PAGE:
JavaScript Variables & Arithmetic

This week we focused on variables and doing basic arithmetic in JavaScript. Initializing and declaring a variable is simple, but I found that while I was writing practice programs, it was easy to forget to initialize properly by using the term “var.”

Incorrect (unless x has already be initialized):

x = name;

Correct (initializes a variable named x and assigns a value):

var x = name;

One interesting thing to note about JavaScript variables is that you don’t have to declare the type, which is automatically determined based on the content assigned to the variable.

Besides knowing the basic arithmetic operators, assignment operators, and increment and decrement operators, doing math in JavaScript requires a good understanding of the mathematical order of operations, or operator preference. I have always enjoyed algebra, so I’m pretty good with operator preference, although in JavaScript you have to be a little more careful in constructing equations.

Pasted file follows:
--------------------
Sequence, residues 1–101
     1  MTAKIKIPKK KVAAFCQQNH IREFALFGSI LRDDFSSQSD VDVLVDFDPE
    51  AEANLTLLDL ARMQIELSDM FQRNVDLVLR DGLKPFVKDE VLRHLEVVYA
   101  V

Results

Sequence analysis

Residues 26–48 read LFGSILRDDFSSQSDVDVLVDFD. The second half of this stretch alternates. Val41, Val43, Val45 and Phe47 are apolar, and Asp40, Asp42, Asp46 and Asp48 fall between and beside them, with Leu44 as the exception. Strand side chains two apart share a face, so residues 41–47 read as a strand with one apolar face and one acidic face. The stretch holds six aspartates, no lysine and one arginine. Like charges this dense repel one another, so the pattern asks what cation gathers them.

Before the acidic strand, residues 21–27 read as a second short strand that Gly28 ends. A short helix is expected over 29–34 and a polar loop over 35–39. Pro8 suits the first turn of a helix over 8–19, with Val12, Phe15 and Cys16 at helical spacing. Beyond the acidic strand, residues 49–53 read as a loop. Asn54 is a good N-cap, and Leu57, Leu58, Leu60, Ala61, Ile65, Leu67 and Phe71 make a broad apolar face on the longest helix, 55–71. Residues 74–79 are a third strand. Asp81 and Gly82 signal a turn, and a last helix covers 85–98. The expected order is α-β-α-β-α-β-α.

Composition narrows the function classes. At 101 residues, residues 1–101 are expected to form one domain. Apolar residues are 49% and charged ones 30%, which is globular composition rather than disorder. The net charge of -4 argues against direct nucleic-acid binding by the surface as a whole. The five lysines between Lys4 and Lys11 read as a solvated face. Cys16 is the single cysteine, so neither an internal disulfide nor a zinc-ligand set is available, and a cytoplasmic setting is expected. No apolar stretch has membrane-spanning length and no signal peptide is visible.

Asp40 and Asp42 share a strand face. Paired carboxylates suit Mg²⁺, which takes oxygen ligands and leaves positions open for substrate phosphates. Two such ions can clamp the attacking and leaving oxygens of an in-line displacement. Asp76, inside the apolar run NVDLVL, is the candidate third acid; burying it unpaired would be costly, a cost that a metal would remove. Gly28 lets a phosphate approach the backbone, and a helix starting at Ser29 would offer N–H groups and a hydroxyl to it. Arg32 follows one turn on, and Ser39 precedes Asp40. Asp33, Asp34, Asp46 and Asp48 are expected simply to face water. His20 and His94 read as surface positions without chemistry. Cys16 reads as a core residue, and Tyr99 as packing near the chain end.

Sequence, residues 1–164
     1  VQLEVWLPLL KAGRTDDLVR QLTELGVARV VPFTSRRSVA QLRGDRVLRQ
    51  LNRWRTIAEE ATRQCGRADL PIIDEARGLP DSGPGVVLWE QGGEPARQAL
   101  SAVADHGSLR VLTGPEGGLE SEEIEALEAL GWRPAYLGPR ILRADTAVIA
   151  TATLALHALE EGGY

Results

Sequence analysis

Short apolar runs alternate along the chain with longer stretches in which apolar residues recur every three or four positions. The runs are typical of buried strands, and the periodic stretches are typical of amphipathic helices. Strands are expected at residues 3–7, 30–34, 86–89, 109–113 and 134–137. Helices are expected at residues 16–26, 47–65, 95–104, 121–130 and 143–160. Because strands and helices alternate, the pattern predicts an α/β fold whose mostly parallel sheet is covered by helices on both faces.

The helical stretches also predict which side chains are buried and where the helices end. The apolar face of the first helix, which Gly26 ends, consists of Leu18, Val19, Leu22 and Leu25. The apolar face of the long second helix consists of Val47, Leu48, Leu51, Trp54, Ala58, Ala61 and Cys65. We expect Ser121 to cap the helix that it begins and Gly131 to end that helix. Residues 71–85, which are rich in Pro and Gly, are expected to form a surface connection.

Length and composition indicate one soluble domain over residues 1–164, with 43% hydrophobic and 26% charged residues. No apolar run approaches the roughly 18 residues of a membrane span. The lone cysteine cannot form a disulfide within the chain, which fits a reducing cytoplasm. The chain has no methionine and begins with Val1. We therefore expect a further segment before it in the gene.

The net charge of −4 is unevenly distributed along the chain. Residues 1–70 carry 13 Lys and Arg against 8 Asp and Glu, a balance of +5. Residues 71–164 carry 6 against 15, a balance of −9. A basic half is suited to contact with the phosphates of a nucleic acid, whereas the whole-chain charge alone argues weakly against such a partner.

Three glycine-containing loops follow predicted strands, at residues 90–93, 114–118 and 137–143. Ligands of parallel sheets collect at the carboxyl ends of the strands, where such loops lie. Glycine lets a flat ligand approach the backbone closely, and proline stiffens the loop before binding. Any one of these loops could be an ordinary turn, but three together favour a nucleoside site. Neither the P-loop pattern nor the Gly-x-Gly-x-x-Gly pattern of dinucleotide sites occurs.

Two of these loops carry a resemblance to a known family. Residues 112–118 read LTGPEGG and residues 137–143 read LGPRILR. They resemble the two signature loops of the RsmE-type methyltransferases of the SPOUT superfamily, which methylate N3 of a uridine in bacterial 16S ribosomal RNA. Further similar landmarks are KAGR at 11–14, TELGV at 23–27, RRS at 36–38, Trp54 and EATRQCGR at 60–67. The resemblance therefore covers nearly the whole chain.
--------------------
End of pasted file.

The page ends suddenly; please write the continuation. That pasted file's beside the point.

Also, some mathematical computations require the use of the Math object, which can take certain reserved JavaScript constants or functions. For example, to do exponentiation you can’t simply use the caret (^) symbol like this:

var x = 3 ^ y;

Instead, you have to use the Math object like this:

var x = Math.pow(3, y);

One skill that we practiced quite a bit this week was doing desk checks. This is a way to manually work your way through a program by hand to follow the value of variables as they are assigned or changed. I’m not sure at this point if it is a practical skill for programming, but I do know it helped me understand what was happening with within the code as I ran examples.